(The Disneycember logo is shown, before showing clips from Up. Snippets of the film's score by Michael Giacchino play in the background)

Doug (vo): Well, with how many times I've constantly praised the Toy Story series, you would think that Toy Story or Toy Story 2 would be my favorite Pixar film, and actually, they are not. That distinction goes to Up, in my opinion, one of the most perfect family animated films that has ever been made. It’s funny, it’s emotional, it has memorable characters, it’s colorful, it’s bright, the story’s easy to follow, you get wrapped up in the drama, it has tons of memorable moments. It’s basically what I think of when I think of a perfect movie. What’s the premise?


Doug (vo): A little boy meets a little girl and they instantly fall in love, well, not instantly, he’s a little shy and she’s an over-the-top energy-holic. But they do have something in common: that they both love adventure, and they love to travel. They make a pact that they will go on an adventure sometime, but unfortunately, all sorts of real-life events constantly get in the way. But they live a good life all the way up until old age until her untimely death. Obsessed over the loss of his wife, the little boy has turned into a grouchy old man, who’s about to lose his home, so he takes matters into his own hands and ties a bunch of balloons to the house and takes off into the sky, off to have an adventure searching for that patch of land him and his wife always talked about getting. Along the way, of course, he comes across some colorful characters, including a boy scout who accidentally got roped in, a rare bird who seems to get along with the boy, a dog named Dug...yes, now a new generation of children with that name are going to suffer. You’re off the hook for now, Nickelodeon...and an old pilot whose lifelong search for the bird has driven him insane, determined in capturing the creature, even if it means killing anyone in the way.


Doug (vo): On the surface, the story doesn’t sound like much, in fact, it even sounds silly. And, yeah, it is silly. I didn’t even get to the point about the dogs flying the little airplanes. Yeah, there’s dogs flying little airplanes in this. But if you’re willing to buy surreal ideas like a house that can take off with a million balloons, you know what? You’ll buy stuff like that as well. And that’s what the film manages to do. It manages to pull you in with every silly, over-the-top gesture because the dramatic moments are just as equally strong.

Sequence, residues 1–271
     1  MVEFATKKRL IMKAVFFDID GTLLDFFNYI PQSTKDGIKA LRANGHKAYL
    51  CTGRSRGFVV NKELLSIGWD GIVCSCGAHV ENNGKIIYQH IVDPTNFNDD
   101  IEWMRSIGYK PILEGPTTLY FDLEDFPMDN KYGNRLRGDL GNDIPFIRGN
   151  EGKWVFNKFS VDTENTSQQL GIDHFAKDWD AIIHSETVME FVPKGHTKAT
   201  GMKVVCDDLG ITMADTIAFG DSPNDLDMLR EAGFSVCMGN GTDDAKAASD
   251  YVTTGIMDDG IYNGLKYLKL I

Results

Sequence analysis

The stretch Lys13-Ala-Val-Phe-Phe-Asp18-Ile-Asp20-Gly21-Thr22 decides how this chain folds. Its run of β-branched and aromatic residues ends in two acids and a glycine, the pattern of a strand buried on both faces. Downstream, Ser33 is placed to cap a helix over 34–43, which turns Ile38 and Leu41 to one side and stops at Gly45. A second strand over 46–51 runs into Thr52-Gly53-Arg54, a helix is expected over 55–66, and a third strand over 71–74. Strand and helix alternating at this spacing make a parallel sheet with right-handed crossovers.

[The film's opening scenes are shown]

Doug (vo): You immediately identify with the girl and the boy in the opening. And I’m sure you’ve heard everybody talk about the first 10 minutes and how unbelievably good they are, and...yeah, they are. My brother and I used to joke that you could just slap "the end" after the first 10 minutes, and the audience would probably be satisfied. It’s the history of their life as a couple together without any dialogue. It’s all done through visuals and music, and, honestly, I didn’t think they were gonna top it. I thought maybe they played their Trump card too early.

[Several supporting characters are shown]

Doug (vo): But the rest of the film is so imaginative and so colorful and so likeable that it’s impossible not to get as drawn in as you were with the first 10 minutes. The bird never says a word, and yet, it has a lot of personality. The relationship between the boy and the old man has its funny moments, but also has its touching moments. The way they nail the personality of a dog by giving it a voice box is ingenious. Even the side villains, as soon as this threatening hound showed up, I remember thinking to myself, "Oh, gee. Here’s the killjoy. No funny things are gonna come out of this guy." But sure enough...

[The film's secondary villains, three talking dogs, are shown. The leader, Alpha, speaks in a high squeaky voice]

Alpha: No. Soon enough, the bird will be ours yet again.

Doug (vo): This had me pissing my pants all the way through. Yeah, it’s childish. I know all they do is speed up the voice, but, by God, when you put that voice against that threatening image, it’s hilarious. Up has the perfect amount of drama, comedy, material for adults and material for children. It doesn’t need a whole slew ton of characters to sell toys with, it only needs a couple, but the couple they choose are so good and so likeable that it’s all you need. I’d say the only nitpick I have with it is how is it that the boy is watching the pilot when he is young, and yet when they meet up, they look roughly the same age. I don’t know, shouldn’t that pilot be dead by now? I kept expecting them to explain that, but they never do. But honestly, if that’s the biggest problem with the film, I have little to complain about.

Final thoughtEdit

Doug (vo): I can’t think of anything else wrong with this film. The love is genuine, the friendship is genuine, the characters are genuine, the situations, as crazy as they are, seem remarkably genuine. It’s a strange story with strange people, but, hey. How many great tales that started off with "this is a normal story with normal people"? For all these reasons and more, if I even need it more, Up is my all-time favorite Pixar film*.

[The film's final scene, showing the house resting on the top of Paradise Falls, is shown]

  • (Until Inside Out was released. As proven by Doug's Top 10 Disney Films, Up ranked at seventh, and Inside Out ranked third.)